Halloween is just around the corner (yes, I’m aware it’s a month away—but I’m one of those film fans that marks the whole month as ‘Halloween’), and it’s prime time to search for the best scary watches for the month of October. Hulu has been a great source for horror content for some time now, between its regular array of strong horror film offerings, the ‘Into the Dark’ TV movie collaborations with Blumhouse, or high quality original series like Castle Rock. One forthcoming original anthology series, Monsterland, is an absolute must watch for horror fans. It premieres on the service October 2nd.
Monsterland is an eight-episode anthology series created by Mary Laws (The Neon Demon) and based on horror author Nathan Ballingrud’s award-winning short story collection “North-American Lake Monsters”. Each episode is an original, independent story with distinct themes, feels, and horrors, and for horror lovers the series has everything from mermaids to ‘angels’, invading shadows to the undead. This isn’t the first Hulu Original based on Ballingrud’s work: last year the streaming service picked up the feature film Wounds, based on the author’s novella The Visible Filth.
Ballingrud’s stories may fit the horror bill, but each story is closer to an Ari Aster-style of character-driven horror (with a monstrous Guillermo del Toro twist) than any stereotypical horror approach of having disposable characters as plot devices. In my interview with the author, he outlines his approach:
“[The stories in there] are very grounded in reality, and the supernatural element is kind of a side element in most of the stories… The core idea for a lot of the stories was to write about characters who would be background characters in more conventional stories. For example, in ‘Monsters of Heaven’, something is happening–angels are falling to the Earth (or at least what they think are angels). I imagined the conventional story would focus on what was happening and why it was happening. I decided to care about this particular family in this particular circumstance, and what happens when they take one home. [I write about] a lot of people who are down and out and whose lives were jostled by something supernatural.”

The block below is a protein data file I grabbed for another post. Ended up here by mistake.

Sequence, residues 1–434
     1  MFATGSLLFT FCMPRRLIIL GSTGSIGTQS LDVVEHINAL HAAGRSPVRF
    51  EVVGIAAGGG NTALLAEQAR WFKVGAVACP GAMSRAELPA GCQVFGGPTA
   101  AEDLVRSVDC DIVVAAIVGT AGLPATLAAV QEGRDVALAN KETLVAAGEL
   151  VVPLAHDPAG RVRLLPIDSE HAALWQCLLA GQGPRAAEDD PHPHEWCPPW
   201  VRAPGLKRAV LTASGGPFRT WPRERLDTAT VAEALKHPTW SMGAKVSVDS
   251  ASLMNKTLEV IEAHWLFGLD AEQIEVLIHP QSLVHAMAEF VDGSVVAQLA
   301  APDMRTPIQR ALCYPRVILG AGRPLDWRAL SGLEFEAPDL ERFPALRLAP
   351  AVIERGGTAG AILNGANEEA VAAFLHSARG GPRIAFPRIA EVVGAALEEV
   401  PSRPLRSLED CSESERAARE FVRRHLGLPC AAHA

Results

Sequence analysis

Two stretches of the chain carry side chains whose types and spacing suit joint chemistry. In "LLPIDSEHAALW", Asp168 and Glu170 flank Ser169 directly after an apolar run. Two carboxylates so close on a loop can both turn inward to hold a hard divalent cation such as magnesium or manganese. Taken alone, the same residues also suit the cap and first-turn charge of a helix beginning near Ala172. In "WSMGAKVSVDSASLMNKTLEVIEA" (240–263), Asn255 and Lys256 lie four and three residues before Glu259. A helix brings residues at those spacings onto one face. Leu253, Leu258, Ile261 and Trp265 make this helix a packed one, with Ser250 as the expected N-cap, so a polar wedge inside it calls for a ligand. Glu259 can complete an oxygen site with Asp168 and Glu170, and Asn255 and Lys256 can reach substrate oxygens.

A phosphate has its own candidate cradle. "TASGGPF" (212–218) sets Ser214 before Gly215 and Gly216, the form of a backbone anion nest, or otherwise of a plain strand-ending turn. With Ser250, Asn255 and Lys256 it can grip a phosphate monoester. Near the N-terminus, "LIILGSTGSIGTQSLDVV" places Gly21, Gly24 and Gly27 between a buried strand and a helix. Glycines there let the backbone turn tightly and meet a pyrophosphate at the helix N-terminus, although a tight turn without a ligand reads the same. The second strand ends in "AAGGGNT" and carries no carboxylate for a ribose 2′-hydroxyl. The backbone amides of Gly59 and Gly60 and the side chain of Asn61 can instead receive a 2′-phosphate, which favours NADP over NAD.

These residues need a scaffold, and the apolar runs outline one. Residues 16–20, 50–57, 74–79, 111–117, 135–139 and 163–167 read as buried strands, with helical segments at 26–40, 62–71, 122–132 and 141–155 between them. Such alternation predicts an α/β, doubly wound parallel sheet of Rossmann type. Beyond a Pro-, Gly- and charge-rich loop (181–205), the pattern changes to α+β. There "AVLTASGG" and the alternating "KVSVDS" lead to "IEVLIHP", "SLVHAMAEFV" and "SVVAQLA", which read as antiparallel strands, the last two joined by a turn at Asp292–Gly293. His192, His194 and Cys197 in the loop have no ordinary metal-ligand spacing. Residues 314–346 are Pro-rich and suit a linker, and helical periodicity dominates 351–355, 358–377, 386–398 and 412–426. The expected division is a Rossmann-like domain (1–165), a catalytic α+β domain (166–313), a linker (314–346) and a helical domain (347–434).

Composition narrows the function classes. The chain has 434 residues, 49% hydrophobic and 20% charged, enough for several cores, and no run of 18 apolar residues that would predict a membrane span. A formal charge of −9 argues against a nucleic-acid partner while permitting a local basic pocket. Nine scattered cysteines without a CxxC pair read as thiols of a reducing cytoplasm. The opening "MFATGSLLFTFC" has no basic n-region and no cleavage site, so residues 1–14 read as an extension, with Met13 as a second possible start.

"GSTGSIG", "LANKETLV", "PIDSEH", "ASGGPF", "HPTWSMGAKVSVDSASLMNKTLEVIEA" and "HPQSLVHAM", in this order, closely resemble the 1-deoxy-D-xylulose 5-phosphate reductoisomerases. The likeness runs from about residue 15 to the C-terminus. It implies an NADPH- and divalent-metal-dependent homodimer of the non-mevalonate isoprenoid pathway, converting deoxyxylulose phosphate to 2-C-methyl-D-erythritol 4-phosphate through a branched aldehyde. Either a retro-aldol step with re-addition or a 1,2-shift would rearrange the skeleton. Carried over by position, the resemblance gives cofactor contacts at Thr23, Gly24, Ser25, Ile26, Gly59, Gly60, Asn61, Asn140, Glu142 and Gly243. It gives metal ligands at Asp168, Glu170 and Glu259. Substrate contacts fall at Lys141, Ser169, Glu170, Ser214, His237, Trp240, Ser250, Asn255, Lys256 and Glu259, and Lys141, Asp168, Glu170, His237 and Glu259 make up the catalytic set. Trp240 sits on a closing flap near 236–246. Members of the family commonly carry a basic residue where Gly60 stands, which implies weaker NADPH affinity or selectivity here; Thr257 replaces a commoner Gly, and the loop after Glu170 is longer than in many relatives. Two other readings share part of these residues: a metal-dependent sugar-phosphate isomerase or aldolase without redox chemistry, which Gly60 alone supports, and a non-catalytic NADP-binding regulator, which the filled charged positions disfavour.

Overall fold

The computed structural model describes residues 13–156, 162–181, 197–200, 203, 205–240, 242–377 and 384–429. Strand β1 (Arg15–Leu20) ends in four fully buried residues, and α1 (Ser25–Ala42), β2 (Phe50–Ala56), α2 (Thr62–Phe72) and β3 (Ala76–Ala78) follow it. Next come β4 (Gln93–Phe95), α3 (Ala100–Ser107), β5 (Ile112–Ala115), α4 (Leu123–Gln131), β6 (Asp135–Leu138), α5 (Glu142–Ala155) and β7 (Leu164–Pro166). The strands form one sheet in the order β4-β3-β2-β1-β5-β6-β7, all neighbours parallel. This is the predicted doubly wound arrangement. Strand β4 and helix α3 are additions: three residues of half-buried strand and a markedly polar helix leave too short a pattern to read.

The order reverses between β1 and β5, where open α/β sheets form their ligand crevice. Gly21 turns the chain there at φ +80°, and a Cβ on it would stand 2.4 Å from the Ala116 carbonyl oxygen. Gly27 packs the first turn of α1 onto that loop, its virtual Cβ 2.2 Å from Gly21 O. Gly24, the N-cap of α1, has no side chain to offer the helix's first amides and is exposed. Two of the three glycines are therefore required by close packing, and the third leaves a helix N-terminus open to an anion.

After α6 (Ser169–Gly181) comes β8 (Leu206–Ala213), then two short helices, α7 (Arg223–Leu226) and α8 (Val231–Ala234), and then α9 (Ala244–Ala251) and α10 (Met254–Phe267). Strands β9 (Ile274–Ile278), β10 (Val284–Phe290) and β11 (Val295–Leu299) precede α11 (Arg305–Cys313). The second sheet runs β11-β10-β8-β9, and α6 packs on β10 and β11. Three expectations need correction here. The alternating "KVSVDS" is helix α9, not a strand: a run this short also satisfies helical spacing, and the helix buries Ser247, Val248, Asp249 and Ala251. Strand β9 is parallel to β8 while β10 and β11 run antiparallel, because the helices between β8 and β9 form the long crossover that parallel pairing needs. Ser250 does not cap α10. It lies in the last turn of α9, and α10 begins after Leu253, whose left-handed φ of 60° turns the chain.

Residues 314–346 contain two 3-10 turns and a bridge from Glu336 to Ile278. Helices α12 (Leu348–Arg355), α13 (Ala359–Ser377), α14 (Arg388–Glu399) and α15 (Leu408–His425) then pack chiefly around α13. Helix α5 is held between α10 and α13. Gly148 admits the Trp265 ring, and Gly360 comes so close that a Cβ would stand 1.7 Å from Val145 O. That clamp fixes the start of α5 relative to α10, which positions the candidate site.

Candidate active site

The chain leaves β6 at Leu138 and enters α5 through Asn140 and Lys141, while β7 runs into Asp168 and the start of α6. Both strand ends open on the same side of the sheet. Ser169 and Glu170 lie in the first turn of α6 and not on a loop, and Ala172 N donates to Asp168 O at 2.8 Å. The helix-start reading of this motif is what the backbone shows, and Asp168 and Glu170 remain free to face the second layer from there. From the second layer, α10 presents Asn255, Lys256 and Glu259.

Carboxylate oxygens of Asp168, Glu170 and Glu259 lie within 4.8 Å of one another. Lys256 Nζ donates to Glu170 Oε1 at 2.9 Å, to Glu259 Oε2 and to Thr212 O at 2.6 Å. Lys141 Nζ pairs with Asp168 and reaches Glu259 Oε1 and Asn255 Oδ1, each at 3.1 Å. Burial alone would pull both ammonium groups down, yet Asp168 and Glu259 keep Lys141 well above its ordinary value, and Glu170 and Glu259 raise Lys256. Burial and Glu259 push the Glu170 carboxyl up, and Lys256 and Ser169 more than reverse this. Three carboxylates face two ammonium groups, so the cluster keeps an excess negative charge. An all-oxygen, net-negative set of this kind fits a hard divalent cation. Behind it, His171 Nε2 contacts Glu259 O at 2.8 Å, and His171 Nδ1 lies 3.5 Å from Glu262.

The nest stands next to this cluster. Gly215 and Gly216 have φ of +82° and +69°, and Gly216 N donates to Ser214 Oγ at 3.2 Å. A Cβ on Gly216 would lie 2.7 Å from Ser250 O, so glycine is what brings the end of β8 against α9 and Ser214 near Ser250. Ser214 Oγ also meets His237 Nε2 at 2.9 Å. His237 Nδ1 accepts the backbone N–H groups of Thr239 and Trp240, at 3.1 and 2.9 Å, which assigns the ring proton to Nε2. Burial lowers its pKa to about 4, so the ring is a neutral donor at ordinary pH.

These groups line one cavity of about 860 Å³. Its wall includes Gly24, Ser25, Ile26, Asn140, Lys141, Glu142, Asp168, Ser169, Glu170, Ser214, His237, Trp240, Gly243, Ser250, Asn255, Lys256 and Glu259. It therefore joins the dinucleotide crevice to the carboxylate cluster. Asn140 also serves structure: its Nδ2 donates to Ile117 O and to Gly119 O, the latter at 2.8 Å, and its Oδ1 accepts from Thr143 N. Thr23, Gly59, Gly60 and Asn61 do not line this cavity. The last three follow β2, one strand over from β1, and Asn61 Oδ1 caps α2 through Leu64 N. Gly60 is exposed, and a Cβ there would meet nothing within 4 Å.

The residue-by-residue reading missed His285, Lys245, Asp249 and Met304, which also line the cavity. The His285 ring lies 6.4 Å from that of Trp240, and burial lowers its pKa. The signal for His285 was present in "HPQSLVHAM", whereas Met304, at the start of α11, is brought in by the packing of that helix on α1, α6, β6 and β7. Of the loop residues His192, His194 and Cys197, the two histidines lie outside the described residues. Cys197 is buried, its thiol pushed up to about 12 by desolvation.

Along with each episode having different stories to tell, each also has different directors and casts with four episodes written by Mary Laws and the final episode directed by executive producer Babak Anvari (Wounds, Under the Shadow). Each episode having its own style, themes, different and talented cast, and director is both a blessing and a curse—depending on your interests your rhetorical mileage may vary from episode to episode. Additionally, not all the episodes land as well as the rest—I’ll avoid specifics because, as noted, preference will affect your experience.
Still, the vast majority are very successful with rich emotional performances and strong storytelling, and all the episodes are beautifully shot and well directed with a wide range of great creature design (I’ll vouch for any series that gives me angels, mermaids, the undead, shadow-invaders, and more in the same season). On balance, if you’re looking for a host of new stories to watch that are full of surprises, the anthology is nice format for any viewer with an open mind—each episode is a brand new, scary emotional adventure.
Overall, the series is a great fit for thoughtful horror viewers. Each episode has a ‘bigger picture’ moral lesson reinforced by the protagonists’ story, but they’re rarely too ‘on the nose’ (and just as often demonstrated by characters’ moral failures as their successes). It’s likely to be a series you’ll take your time with, because (again, like Ari Aster films) these stories are heavy—characters suffer, their souls are laid bare, sometimes they err, and they’re met with new and novel horrors each time. (Episode 3, ‘New Orleans’ Louisiana’, and Episode 5, ‘Plainfield, IL’, are excellent but they’ll absolutely emotionally stay with you for at least the next day).
Monsterland is definitely a journey I’d recommend for fans of thoughtful horror or TV in general (Twilight Zone fans, this is for you, too). It is in general a fantastic set of well -told stories with strong performances, and based on emotionally rich, well written source material (’North American Lake Monsters’ is one of my favorite collections of short horror fiction—check it out). The series premieres October 2nd on Hulu, and it’s easily worth being on your October horror watch-list.
Source: Forbes – Business